( Photo taken during a teachers' meeting)
It was my birthday on July 27. I tried to keep it a secret, but it was hard to keep a secret especially birthdays from my co-teachers. I tried to keep it secret because it was the tradition among the grade six teachers for the birthday celebrant to provide merienda. I was broke; come to think of it, I am always broke.
I was really touched that day because instead of me buying the food, my grade six co-teachers made contributions so that we could eat hence not letting my birthday pass by without the traditional afternoon b-day snack. May konting awit pa!
Salamat po mga ma’am for accepting me as part of the grade 6 family.
Today is my first year anniversary as a teacher here at a public school somewhere in Rizal, Province.
I reported for duty at the principal’s office on July 15, 2010. My item as national teacher was still due for August, so I was asked by the principal to be a volunteer teacher while waiting for my official appointment.
Volunteer teaching meant teaching without pay, but it was an opportunity for me to get know my would-be co-teachers, the school staff and also to get familiar with the duties and responsibilities of a public school teacher.
Looking back from what I have expected then, I thought my daily working routine would be: reporting in the morning, teach the prescribed number of minutes, and then go home at four in the afternoon—easy enough, but I was wrong. I found out that teaching required sacrifice which according to my veteran co-teachers would sometime even required giving the time you reserved for your family. They were right.
I taught grade five pupils for a month before I was transferred to grade six.
It seemed like it was just few days ago because I still did not know some of my co- teachers by name though I knew all of them by face, but, also, somehow it felt like it had been years because I already felt at home especially in grade six--it’s the camaraderie. My co-teachers have shared a lot of wisdom and experiences with me that somehow I felt I had been with them for a long time.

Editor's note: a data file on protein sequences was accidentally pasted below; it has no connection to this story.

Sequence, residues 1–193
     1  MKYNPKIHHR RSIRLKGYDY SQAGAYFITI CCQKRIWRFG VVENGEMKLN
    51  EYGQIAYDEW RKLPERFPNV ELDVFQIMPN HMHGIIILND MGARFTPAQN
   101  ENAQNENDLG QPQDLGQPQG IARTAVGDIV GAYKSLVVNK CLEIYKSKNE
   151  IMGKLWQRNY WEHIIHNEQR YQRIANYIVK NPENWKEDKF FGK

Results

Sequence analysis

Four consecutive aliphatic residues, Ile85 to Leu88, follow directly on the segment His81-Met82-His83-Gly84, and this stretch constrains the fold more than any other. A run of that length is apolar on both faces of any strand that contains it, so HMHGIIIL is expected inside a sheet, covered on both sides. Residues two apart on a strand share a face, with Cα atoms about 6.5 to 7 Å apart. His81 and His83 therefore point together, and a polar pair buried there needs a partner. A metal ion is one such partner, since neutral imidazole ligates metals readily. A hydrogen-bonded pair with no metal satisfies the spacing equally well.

The stories these veteran teachers shared were not just stories; they were also history of the school and the community. Their stories showed the changes that slowly happened in the school, in the department, changes in the children’s behavior even the changes in the philosophies of the teachers as the years passed by.
There were also anecdotes about principals, supervisors and co-teachers, and even ghost stories about a particular room and legends about the place where the school stood. I love stories and history, so I enjoyed listening to them.
Many of my co-teachers were Master Teachers who were about to retire, but as long as these MTs were still here, I would enjoy their teasings, their hollerings, their sandwiches, biscuits, coffees and most of all their stories—there’s practical knowledge and wisdom in them.